Strategy Is A Story That We Hope To Tell

Strategy is about story. I have been reading Mario Puzo’s The Godfather, and since it is such a well-known story, let’s use it as an example. (Of course, strategy is a significant component to the actual story of the Don’s success, making it especially fitting…)

Puzo’s book is not completely chronological, and in fact jumps back and forth in time. Part of the allure for The Godfather is the way in which we as readers (and in the case of the movie, as viewers) are able to respect and connect with characters that just so happen to be extremely violent murderers showing no remorse. The author accomplishes this by reminding us of the characters’ past. Legacy and tradition are integral to understanding the dynamics of the organized crime families portrayed. Legacy and tradition are also integral to the strategies of the main characters in carrying out their business.

My position has always been that you have to know where you come from in order to know where you are headed.

A commonly overlooked component to The Godfather is the deep introspection that Puzo brings to his characters. This has become a staple of mafia stories since then. In Good Fellas, Casino, and The Sopranos, the characters many times seem more concerned with philosophy and psychology than the violence so often associated with organized crime. Careful consideration of the wider impact of decisions seems to have become a common denominator in the Dons portrayed in popular culture. In The Godfather, Sonny’s reckless and highly emotional acts are a disgrace, and he pays dearly for them.

The Don considered a use of threats the most foolish kind of exposure; the unleashing of anger without forethought as the most dangerous indulgence. No one had ever heard the Don utter a naked threat, no one had ever seen him in an uncontrollable rage. It was unthinkable.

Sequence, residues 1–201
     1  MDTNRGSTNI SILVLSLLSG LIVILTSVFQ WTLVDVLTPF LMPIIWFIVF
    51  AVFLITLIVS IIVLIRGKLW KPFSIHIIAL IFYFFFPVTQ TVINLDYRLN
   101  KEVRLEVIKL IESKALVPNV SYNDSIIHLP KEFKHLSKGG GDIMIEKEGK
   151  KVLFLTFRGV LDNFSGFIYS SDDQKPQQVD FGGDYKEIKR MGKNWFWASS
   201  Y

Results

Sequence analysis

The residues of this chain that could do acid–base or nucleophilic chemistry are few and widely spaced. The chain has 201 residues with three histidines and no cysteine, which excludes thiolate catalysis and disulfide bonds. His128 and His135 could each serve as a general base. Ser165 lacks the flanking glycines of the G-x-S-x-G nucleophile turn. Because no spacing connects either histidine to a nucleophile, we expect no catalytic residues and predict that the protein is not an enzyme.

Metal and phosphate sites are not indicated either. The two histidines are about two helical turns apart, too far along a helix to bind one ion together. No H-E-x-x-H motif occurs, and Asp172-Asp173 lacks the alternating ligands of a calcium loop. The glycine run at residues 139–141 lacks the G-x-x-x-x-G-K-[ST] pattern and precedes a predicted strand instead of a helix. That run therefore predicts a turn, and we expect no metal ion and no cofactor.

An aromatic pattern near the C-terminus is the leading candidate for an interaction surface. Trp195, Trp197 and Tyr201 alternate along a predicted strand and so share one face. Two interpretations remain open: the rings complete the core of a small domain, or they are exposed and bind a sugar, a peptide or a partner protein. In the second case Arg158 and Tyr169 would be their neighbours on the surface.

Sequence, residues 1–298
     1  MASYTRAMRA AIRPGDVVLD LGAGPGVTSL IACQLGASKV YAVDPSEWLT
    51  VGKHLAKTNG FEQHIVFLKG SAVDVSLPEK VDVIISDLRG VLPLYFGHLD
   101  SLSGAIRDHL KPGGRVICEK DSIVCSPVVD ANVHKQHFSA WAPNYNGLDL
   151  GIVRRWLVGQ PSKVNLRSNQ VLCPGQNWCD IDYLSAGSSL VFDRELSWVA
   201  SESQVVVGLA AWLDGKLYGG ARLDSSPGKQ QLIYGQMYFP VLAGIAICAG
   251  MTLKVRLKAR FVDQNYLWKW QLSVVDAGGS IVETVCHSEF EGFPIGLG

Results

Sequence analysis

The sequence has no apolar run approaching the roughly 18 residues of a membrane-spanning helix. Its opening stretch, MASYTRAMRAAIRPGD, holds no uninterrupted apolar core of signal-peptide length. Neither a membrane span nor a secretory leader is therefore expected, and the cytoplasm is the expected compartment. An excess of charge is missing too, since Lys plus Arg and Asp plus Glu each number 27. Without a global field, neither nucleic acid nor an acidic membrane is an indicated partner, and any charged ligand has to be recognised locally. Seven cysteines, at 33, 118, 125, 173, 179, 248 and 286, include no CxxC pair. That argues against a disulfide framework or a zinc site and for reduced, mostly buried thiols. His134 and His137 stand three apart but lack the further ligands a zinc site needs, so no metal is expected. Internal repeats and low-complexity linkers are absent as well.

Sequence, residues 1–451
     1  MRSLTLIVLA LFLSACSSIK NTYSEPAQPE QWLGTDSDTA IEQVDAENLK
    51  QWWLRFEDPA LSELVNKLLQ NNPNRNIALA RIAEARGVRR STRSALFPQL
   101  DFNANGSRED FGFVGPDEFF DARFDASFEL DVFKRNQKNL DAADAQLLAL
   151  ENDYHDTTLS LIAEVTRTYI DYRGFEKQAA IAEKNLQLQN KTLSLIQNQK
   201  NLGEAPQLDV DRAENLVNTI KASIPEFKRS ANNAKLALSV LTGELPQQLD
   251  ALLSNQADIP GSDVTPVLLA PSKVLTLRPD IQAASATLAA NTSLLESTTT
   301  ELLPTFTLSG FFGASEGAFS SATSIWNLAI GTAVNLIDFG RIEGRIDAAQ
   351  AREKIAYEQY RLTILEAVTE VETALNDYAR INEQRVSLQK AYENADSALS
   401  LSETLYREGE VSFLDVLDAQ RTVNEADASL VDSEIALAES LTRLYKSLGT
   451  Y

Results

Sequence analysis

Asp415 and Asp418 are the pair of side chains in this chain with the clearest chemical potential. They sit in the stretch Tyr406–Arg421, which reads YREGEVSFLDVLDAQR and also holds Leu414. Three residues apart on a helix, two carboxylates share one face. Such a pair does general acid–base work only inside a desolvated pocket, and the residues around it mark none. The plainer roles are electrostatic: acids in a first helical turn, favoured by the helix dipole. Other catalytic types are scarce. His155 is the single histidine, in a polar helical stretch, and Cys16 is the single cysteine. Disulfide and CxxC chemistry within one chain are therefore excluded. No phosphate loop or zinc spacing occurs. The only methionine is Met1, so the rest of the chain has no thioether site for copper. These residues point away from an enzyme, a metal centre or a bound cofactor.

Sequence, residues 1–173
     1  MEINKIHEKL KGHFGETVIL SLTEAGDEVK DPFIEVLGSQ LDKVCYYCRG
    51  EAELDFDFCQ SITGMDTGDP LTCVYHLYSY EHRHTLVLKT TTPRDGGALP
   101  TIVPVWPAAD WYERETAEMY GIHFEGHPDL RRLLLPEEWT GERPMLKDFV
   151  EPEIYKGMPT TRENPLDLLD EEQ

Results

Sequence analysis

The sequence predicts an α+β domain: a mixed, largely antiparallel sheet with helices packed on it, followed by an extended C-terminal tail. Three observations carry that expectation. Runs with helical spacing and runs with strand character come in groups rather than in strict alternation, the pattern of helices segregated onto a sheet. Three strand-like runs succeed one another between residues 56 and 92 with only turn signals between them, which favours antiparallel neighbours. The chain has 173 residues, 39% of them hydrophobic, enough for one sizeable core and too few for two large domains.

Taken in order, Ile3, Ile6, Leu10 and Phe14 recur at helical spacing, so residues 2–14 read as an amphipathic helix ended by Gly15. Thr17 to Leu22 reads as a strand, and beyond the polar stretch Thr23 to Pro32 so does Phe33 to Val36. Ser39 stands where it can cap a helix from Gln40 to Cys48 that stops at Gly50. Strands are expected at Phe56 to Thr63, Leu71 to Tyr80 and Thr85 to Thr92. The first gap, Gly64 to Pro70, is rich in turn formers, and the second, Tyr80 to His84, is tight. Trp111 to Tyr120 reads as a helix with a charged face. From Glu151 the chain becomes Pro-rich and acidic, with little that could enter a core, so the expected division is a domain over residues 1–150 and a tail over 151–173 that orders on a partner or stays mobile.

What’s the Point?

For me, strategy needs to be at the foundation of every decision. In business, strategy is at the heart of superior execution. Take marketing, for example. Why are you putting time and money into a particular campaign? What is the story that you are crafting? What are the roots/legacy of that story? Where is the story headed? How will you pull people in to your story? The same is true in delivering a presentation. What do you want people to take away from your presentation? What is the plot, and how will it take shape?

Strategy is a story that we hope to tell. Success can therefore be thought of as executing a well-crafted and carefully considered story. Unlike writing a story, we don’t know how others are going to react. All we can do is try to empathize with others, anticipating their response, and consider the possibilities as we execute the strategy, ready to make adjustments to the course as necessary. Conversely, not considering strategy is reckless, and the risk for emotionally driven reactions has been proven to derail success.


I just happened to notice that Julien Smith (an amazing author and thinker) published a blog post today entitled, Everything has been done. Give up now. In it, Smith states that (as the title suggests) everything has pretty much already been done by someone else, often better. What makes the difference is story. He eloquently states:

The best storytellers are translators of information. They take an experience and create layers on top of it, like an onion, that get peeled and reveal deeper insight.

And to me, that is exactly what strategy is. Formulating a solid strategy, like crafting a wonderful story, is about taking your experience and knowledge and weaving it into something cohesive and useful to others.

Hint – Julien Smith writes some amazing stuff. He is on a short list of people whose email newsletters I will not pass up.

Image courtesy Jonny Hughes